No, there is no Tea Party boycott of Ebony Magazine, and there never was
posted at 5:31 pm on August 8, 2013 by Mary Katharine Ham
If at first no publicity-driving race issue exists, try, try to create it.
Wednesday, a lie about the Tea Party got halfway around the world before the truth could get its hoodie on. Here’s how it happened.
Ebony magazine announced this week a series of four covers for its September edition featuring various celebrities and their children wearing hoodies. The covers are an allusion to Trayvon Martin’s now famous clothing, advertising a story inside the magazine about repealing Stand Your Ground, which was notably not used by the defense or prosecution in the Zimmerman case. I hesitate to give the covers too much credit by calling them “provocative,” but they’re “provocative” in the way that liberals do things that are utterly predictable and calculated for maximum media adulation and then pat themselves on the back for being “provocative.”
Twitchy reported on the Ebony covers, with this benign headline: “Ebony magazine demands repeal of Stand Your Ground laws with four different Trayvon covers [pics]”
Breitbart’s headline was similarly benign: “Dwayne Wade poses with sons in hoodies for ‘We are Trayvon’ Ebony mag cover”
The Breitbart post spawned this comment, which as far as anyone can figure, is the only mention by anyone of a boycott of Ebony magazine until Ebony and the Twitter rumor mill decided to create one out of thin air:
They are just continuing to feed the race baiting community. How sad for America. Those that do not agree should boycott the Heat and the magazine!
But given that the magazine covers were “provocative,” and not actually provocative enough to create controversy, Ebony decided to kick it up a notch, with this tweet based on nothing. This example of the magazine’s reporting perhaps makes it more clear how they did a whole cover story on a law that had little to nothing to do with the Trayvon case.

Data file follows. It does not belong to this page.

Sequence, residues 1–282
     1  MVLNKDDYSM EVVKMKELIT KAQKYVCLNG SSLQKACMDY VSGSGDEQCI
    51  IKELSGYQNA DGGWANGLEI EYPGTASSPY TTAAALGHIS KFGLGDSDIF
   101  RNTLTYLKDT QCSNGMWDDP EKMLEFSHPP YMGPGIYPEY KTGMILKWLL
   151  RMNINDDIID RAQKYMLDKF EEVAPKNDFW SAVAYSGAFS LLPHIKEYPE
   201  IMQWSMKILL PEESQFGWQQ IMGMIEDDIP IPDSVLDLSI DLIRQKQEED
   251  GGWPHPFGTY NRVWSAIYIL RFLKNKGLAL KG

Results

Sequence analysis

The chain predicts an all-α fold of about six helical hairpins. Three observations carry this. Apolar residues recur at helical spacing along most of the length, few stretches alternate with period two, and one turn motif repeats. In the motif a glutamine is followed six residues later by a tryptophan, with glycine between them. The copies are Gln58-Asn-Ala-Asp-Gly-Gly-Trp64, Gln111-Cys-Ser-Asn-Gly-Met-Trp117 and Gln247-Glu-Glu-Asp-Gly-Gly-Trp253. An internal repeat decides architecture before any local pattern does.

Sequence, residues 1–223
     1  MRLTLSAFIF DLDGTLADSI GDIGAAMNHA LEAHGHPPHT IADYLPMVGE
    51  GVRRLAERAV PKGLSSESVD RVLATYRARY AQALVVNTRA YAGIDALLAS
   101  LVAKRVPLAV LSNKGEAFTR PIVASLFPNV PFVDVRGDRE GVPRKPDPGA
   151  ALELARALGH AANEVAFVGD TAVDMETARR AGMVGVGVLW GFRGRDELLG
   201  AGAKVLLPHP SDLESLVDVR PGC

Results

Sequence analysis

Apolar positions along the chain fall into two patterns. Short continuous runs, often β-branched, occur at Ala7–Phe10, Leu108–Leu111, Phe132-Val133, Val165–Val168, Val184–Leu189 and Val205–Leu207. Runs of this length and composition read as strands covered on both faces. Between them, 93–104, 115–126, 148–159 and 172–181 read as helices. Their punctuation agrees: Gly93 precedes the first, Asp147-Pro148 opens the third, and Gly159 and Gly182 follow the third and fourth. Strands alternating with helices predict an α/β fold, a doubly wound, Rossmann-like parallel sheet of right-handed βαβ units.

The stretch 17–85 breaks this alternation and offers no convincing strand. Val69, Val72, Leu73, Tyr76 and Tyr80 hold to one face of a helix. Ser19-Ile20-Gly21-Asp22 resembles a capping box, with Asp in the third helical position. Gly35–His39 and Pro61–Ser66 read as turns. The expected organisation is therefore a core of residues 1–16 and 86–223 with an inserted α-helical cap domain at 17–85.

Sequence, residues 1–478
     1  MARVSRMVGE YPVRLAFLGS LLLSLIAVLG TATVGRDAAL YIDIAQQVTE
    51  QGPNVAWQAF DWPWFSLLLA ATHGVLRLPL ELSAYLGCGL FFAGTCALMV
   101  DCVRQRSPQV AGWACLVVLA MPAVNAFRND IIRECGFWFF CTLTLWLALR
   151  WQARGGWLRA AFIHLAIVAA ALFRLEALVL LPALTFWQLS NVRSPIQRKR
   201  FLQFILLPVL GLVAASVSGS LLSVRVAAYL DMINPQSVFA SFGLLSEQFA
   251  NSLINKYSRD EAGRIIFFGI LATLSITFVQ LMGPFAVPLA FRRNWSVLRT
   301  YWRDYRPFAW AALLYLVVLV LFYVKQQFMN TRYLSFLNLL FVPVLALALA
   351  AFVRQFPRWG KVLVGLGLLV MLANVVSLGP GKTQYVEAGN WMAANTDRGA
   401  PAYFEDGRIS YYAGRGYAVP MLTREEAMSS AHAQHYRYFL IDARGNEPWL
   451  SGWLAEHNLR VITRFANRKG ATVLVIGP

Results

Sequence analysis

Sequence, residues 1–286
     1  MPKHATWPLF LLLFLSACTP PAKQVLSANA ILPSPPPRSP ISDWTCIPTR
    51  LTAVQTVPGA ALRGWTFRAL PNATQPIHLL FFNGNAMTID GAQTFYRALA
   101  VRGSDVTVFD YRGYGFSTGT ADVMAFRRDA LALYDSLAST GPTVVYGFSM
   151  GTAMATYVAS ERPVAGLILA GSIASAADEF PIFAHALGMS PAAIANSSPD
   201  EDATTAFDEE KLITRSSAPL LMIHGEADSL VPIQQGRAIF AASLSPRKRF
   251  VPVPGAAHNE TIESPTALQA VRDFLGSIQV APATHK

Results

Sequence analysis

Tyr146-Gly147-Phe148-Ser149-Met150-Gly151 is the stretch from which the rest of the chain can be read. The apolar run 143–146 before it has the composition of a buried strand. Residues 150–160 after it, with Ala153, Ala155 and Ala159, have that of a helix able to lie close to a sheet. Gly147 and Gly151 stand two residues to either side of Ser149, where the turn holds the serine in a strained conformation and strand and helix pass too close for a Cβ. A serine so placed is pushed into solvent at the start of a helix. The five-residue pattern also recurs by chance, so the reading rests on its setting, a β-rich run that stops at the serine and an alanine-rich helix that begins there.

We have so many Tea Party readers and followers. To lose all zero of them due to our September cover would be devastating.
— EBONY (@EBONYMag) August 7, 2013
Gawker, which went looking for the phantom boycott, pinpointed this tweet as the probable origination, from a freelance writer in Mississippi who refused to reveal his source (presumably because it was no one):
Heh. Tea Party lynching apologists now threaten to boycott @EBONYMag over the Trayvon cover, as if any of them would have subscribed anyway.
— Tom Head, Ph.D. (@_tomhead) August 7, 2013
After Ebony ran with it, U.S. News & World Report happily regurgitated it, openly attributing an entire story on a boycott to one online comment. Journalism!
Ebony lashed out at tea partiers hours after conservative aggregator Twitchy denigrated the cover, writing that it was “much easier to slap on a hoodie and pretend to fight for social justice” than to “recognize a black American is more likely to be murdered by another black American than some ‘White Hispanic.'”
At conservative news site Breitbart, one commenter urged those who didn’t like the covers to “boycott the Heat and the magazine!”
[A] search for the target of the [Ebony’s] zinger shows that there’s almost no evidence suggesting that the Tea Party, however you want to define it, was planning any boycott against the magazine in the first place. (We sent an email to Ebony for comment on the tweet, but did not hear back.)…
To be fair, there was plenty of online criticism of the Ebony cover, mostly from supporters of George Zimmerman, who still feel aggrieved about the equally loud public support for Martin. And it’s always tricky to assign any one idea to the “Tea Party,” which itself a loose conglomeration of political groups and ideas. But it does seems Ebony (or more accurately, the people spreading the rumors of the boycott) made a mountain out of a molehill still under construction. Whether or not Head is telling the truth will surely come out soon. There is always a lot of talk online that is nothing more than talk. But, if any kind organized boycott was developing, surely there would be a trace somewhere, some morsel of evidence left behind of a planned protest beyond a single angry and anonymous commenter.
But by all means, Ebony, make broad generalizations about an entire group of people, intentionally lie about them to sell magazines, and use the lie to foment race relations instead of improving them. Provocative!
The Misogynist Banker Bro Who Probably Wasn’t
In other memes that were not true this week, feminist site Jezebel obtained an e-mail, allegedly from a “banker bro” on a fraternity listserv, which even to those inclined to dislike the alpha finance stereotype, should have seemed a little suspiciously on the nose: